13  Receive information necessary to give informed consent prior to the start of any procedure.  Have advance directives for health care and/or refuse treatment to the extent permitted under law. I refuse.

14  Privacy concerning a medical care program.  Confidential treatment of all communications and records.  Reasonable response to a request for services.

15  Obtain information regarding facility relationships to other healthcare and educational institutions.  Right to refuse to participate in research.  Reasonable continuity of care.

16  Review medical records, examine bills, get explanations of care and charges.  Be informed of hospital rules and regulations, and available resources to resolve disputes or grievances. You owe $9,999,999 for your office visit!

17  Freedom from abuse and chemical/physical restraints.  Participate in family/resident groups and in social, religious and community activities.  Manage personal funds and use personal possessions.  To share a room with his/her spouse if both are residents.

18  Informed consent is permission granted voluntarily by a person who is of sound mind after the procedure and all risks have been explained in terms the person can understand.  Can be verbal, but for most procedures, should be in writing.  Person can withdraw consent at any time.  Procedures should not be performed if the patient does not give consent. Consent Form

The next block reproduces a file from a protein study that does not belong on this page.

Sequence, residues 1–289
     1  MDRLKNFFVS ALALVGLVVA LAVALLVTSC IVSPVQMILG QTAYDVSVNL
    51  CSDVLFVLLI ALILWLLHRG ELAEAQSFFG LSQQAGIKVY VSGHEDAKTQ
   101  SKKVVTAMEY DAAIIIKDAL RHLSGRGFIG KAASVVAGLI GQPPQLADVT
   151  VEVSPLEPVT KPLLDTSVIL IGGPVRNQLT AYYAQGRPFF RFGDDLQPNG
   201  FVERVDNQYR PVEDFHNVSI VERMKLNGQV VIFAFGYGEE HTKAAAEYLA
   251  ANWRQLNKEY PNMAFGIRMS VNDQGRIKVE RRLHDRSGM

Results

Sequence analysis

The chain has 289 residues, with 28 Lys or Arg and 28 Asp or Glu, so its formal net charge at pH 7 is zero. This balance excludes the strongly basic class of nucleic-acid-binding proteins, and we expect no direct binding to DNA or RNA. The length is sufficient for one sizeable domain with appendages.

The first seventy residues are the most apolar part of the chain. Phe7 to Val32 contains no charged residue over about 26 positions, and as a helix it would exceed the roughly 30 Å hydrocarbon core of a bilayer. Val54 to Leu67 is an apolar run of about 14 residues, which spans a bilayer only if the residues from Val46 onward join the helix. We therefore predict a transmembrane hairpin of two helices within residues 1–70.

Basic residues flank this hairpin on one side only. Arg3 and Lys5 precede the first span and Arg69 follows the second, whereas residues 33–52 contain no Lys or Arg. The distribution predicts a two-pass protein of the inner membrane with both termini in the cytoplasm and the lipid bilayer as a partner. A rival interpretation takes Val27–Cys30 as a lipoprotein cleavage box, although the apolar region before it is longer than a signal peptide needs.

19  Americans with Disabilities Act  Prevents employment discrimination against disabled workers who are qualified to perform the job with reasonable accommodations.  Civil Rights Act of 1964  Prevents hiring discrimination on the basis of race, color, religion, sex, age or national origin.  Occupational Safety and Health Act (OSHA)  Prevents unsafe working conditions.

20  Unwelcome actions that are sexual in nature.  Victim and harasser may be man or woman, and may not be of the opposite sex.  Harasser can be a supervisor, coworker, or nonemployee.  Victim can be anyone affected by offensive conduct. One of these days you’re going to stop pretending you don’t want to go out with me.

21  Victims should first speak directly to the harasser.  Clearly identify the unwelcome behavior and that it must stop.  If the harassment continues, follow the facility’s sexual harassment policy. Doctor Jay, please do not ask me out again. I have a boyfriend and you are making me very uncomfortable.

22  Avoid discussing sexual matters not related to the job.  Do NOT tell dirty jokes.  Avoid sharing intimate details of your personal life at work.  Do NOT joke about sexual matters.  Avoid touching coworkers and patients in suggestive ways.

23  A complaint about a circumstance considered to be unfair or potentially harmful.  Learn facility grievance policy.  Usually best to resolve workplace issues at the lowest level possible.  Start with your immediate supervisor.  Only file a grievance after working up the chain of command. Grievance Forms

24  What one is legally allowed to do in one’s profession.  You MUST understand and practice within the guidelines of your profession.  A supervisor should only ask you to perform activities within your scope of practice.  In most instances, you should refuse to perform skills outside your scope of practice.

25  Healthcare workers must know and follow the law in the practice of his/her profession – in order to safeguard the rights of the patient and the integrity of the profession.  Spend your career here.... not here.